‘Poachers won’t win’

July 17, 2015, 8:25am

‘Poachers won’t win’

The police are determined to get to the bottom of the rhino poaching problem regardless of the status of the people involved, Commissioner Ndahangwapo Kashihakumwa, who is leading an anti-poaching operation in the Etosha National Park and surrounding areas in Omusati and Kunene, has warned.
On Wednesday, a team of investigating officers was sent from pillar to post by three suspected poachers who had pledged to give their full cooperation to the police.
The three suspects were taken from the police cells to the crime scene at Iitapa village after they had promised to show the police where they had buried a rhino carcass about seven years ago.
It is alleged that the suspects used horses to hunt a rhino that used to drink water at a nearby pond. They killed the rhino but not before it attacked and seriously wounded one of the horses belonging to the village headman. The rider survived but the horse later died.
The suspects dehorned the rhino and then buried the carcass.
It is alleged that the same group later hunted another rhino in the area, this time using a vehicle.
One of the suspects pointed out several sites where he claimed the carcass was buried, but every time the officers’ digging yielded nothing.
The suspect eventually admitted having deceived the officers on purpose.
The other two suspects took the police to another area where they pointed out the place where they had killed the rhino, but said they could no longer remember exactly where they buried the carcass.
Some police officers expressed the view that the suspects might have honestly forgotten where they buried the rhino, but Commissioner Kashihakumwa, who is commanding the operation, was not impressed.
“I do not think they have really forgotten where they buried the carcass. We are used to those tricks. They are merely buying time and we will give them enough time and they will eventually tell the truth when it dawns on them that we are not letting them off the hook,” he said.
The three suspects are part of a larger group of 36 suspected poachers who were arrested since the anti-poaching operation started on June 1.
Of this number, 22 were charged and have already appeared in the Magistrate’s Court at Okahao, while 14 were released due to insufficient evidence.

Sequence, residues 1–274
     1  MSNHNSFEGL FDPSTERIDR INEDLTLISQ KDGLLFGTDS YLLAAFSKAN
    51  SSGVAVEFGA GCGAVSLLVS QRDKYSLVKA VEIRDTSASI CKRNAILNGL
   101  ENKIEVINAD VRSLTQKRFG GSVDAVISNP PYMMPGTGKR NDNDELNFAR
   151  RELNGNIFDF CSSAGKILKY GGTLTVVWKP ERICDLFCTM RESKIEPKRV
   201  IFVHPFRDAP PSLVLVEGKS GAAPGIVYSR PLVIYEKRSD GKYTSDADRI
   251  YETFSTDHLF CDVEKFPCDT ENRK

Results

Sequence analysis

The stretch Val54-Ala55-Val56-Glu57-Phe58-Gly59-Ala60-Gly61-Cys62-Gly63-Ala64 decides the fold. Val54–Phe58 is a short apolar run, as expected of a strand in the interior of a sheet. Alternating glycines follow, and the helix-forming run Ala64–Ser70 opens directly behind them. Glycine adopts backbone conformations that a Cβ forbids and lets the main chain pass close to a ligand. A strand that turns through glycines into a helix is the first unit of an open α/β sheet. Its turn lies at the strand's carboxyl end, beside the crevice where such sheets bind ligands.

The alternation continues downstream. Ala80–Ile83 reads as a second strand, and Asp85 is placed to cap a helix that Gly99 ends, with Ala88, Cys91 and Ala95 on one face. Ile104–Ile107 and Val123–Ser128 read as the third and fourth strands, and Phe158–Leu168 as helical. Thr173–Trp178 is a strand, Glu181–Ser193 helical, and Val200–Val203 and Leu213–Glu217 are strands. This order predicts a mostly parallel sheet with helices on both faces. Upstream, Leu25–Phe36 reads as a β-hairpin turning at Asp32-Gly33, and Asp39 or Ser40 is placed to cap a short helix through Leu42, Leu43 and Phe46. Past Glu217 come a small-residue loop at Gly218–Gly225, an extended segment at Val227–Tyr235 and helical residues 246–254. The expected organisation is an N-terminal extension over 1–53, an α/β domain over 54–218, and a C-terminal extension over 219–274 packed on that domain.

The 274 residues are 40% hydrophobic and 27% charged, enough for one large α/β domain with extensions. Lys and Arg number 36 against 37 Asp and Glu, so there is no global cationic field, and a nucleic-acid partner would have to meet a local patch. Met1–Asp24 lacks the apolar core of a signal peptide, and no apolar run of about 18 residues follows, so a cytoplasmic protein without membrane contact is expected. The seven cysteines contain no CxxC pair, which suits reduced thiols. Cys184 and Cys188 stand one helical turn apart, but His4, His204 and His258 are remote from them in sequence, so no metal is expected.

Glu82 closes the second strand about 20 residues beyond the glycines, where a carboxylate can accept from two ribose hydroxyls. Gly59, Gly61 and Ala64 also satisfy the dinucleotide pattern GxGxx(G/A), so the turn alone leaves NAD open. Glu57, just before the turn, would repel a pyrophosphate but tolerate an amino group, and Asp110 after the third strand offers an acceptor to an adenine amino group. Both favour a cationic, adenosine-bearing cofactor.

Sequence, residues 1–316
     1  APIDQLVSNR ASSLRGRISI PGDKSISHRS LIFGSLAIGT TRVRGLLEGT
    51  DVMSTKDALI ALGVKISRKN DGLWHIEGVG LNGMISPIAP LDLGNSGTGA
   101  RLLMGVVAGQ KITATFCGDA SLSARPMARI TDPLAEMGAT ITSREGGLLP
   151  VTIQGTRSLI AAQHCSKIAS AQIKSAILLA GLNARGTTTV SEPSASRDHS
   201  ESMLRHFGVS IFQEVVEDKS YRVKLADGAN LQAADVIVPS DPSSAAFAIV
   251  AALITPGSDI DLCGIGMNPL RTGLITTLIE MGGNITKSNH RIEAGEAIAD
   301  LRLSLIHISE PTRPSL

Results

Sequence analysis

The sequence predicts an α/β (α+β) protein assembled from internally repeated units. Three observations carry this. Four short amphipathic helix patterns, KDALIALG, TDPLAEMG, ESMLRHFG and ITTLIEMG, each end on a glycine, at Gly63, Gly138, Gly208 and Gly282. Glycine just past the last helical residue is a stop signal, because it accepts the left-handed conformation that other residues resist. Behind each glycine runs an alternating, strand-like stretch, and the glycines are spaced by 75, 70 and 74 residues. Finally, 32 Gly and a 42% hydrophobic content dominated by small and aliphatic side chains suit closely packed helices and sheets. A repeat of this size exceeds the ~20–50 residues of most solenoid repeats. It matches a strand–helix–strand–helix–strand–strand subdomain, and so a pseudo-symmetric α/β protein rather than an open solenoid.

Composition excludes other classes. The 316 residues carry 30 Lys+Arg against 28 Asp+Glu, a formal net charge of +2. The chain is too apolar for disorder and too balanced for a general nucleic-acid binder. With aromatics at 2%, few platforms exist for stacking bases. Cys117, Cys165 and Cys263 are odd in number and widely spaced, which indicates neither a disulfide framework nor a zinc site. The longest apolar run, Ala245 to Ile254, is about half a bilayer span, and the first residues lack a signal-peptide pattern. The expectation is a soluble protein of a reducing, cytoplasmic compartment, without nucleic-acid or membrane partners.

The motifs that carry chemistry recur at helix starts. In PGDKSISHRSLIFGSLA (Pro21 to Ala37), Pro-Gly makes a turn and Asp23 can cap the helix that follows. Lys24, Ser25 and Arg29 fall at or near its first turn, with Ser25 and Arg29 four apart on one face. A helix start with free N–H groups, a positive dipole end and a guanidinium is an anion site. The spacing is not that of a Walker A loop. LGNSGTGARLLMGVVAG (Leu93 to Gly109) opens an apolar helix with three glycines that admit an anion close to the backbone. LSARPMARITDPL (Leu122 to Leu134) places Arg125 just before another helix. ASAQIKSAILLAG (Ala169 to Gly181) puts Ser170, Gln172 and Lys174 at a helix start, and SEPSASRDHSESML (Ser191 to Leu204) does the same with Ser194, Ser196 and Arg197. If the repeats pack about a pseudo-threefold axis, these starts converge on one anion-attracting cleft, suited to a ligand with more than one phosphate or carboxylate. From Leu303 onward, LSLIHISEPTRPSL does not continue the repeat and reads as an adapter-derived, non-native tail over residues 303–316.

“That does not mean that they are off the hook, but merely that we do not yet have enough evidence,” Kashihakumwa said.
He said his team of investigators is accumulating success after success and expressed the hope that rhino poaching, particularly in the Etosha National Park, would become something of the past because of the uncompromising police operation that would leave no stone unturned.
“We are determined to get to the bottom of this crime, regardless of the status of the people involved,” he said.
The police have so far identified five poaching syndicates – four operating from Omusati while the fifth was based in Kunene.
Kashihakumwa expressed his disappointment with Iitapa villagers’ lack of cooperation with the police.
“If even the village headman refuses to cooperate, just imagine those under him,” he said.
It is said the village headman was also arrested, and only after a night behind bars did he admit that his horse was killed in a poaching expedition, but said it was taken without his permission.
He is one of the 14 suspects who were released due to lack of evidence.
Kashihakumwa, who is the Oshana regional police commander, has in the meantime explained why he was heading an operation outside his region.
“It was decided that the regional commanders of the five regions bordering Etosha – Otjozondjupa, Oshikoto, Oshana, Omusati and Kunene – command the anti-poaching operation on a rotational basis. I was given the first chance to command the operation for three months, June 1 to August 31,” he said.

 

OSHAKATI PLACIDO HILUKILWA

Namibian Sun